The man Kyle Rittenhouse shot in the arm testified on Monday that he believed the teenager was an "active shooter."
Gaige Grosskreutz, a medic, said he ran after Rittenhouse because he thought he might need to treat a gunshot victim.
Grosskreutz also said he tried to surrender to Rittenhouse, but saw him "re-rack" his rifle.
The man who survived being shot in the arm by Kyle Rittenhouse testified on Monday that he had believed the then-17-year-old was an "active shooter" running through the streets of downtown Kenosha on August 25, 2020.
Gaige Grosskreutz, 27, is the only survivor of the three men Rittenhouse shot, and testified on the fifth day of Rittenhouse's homicide trial. The now-18-year-old Rittenhouse has pleaded not guilty to all charges, and has claimed he shot Grosskreutz, Joseph Rosenbaum, and Anthony Huber in self-defense after all three men chased him.
Monday was the first time the public has heard directly from Grosskreutz about his thoughts and intentions that evening as he ran towards Rittenhouse, who by that point had fallen to the ground and was wielding his AR-15 rifle. The widely circulated video showed Grosskreutz holding a pistol while approaching Rittenhouse, then briefly pausing to put his hands in the air, then darting towards the teenager.
The outcome of Rittenhouse's trial will depend on whether jurors believe that Rittenhouse had good reason to fear for his life when he opened fire on each of the men.
Grosskreutz - a licensed EMT and paramedic - testified that he had attended the Kenosha protests that night as a volunteer medic, and had done so at dozens of previous protests that summer. Grosskreutz had been live-streaming on his phone when he briefly encountered Rittenhouse, who was running north on Sheridan Road just minutes after Rosenbaum was shot.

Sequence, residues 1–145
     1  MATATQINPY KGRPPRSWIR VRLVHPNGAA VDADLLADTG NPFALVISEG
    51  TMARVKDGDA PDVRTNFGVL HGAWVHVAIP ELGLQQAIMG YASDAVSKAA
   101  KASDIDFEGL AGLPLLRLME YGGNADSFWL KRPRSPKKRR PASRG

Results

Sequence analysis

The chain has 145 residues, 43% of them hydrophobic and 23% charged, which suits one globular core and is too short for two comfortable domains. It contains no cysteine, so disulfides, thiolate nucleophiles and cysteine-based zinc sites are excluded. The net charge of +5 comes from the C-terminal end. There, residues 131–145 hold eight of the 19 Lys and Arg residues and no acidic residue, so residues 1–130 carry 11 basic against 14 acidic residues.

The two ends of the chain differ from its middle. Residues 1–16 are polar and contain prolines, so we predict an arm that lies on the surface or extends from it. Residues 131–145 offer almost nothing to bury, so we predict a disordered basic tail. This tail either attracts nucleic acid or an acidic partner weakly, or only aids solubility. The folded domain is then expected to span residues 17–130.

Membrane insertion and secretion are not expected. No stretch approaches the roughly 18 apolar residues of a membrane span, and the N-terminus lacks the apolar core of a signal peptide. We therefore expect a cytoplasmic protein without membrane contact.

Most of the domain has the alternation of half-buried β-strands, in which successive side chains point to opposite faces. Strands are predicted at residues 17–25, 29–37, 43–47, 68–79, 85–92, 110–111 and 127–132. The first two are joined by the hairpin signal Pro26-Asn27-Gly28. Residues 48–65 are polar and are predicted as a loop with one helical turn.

Though Grosskreutz did not witness the Rosenbaum shooting, he testified that he could hear people calling for a medic and yelling that Rittenhouse had just shot someone.
Grosskreutz said when he ran up alongside Rittenhouse and asked what happened, he thought the teenager responded, "I'm working with the police" and "I didn't do anything." In reality, Rittenhouse had said "I'm going to the police."
Grosskreutz said his suspicion of Rittenhouse's intentions, combined with the gunshots he had just heard and the group of people running after the teenager, led him to believe that Rittenhouse was an "active shooter."
Grosskreutz testified that even though he had initially run towards the sound of the gunshots, with the intent to help the victim, he pivoted and ran after Rittenhouse, deciding that "my services as a medic might be more needed in the direction [Rittenhouse] was headed."
"From the things I had heard, experienced, witnessed earlier in the night, I thought the defendant was an active shooter," Grosskreutz said.
Grosskreutz testified that he had not intended to kill Rittenhouse when he finally caught up with the teenager, who was lying on the ground and had just fatally shot Huber. Grosskreutz said he tried to surrender to Rittenhouse, but saw him "re-rack" his rifle to load a new round into the chamber. Grosskreutz then moved towards Rittenhouse, who opened fire.
When prosecutors asked Grosskreutz what was going through his mind, Grosskreutz responded, "That I was going to die."
On cross-examination, Rittenhouse's defense attorney, Corey Chirafisi, sought to poke holes in Grosskreutz's testimony. Chirafisi showed the jury a picture of Grosskreutz pulling his pistol from his belt when he was some 30 feet away from Rittenhouse - long before the teenager ever pointed his rifle towards Grosskreutz.
Chirafisi also repeatedly asked Grosskreutz whether he had "chased" Rittenhouse that night (Grosskreutz denied that characterization), and got Grosskreutz to acknowledge he had omitted details during his initial police interview - specifically, the fact that Grosskreutz had been armed and holding his loaded pistol at the time of the shooting.
Read the original article on Insider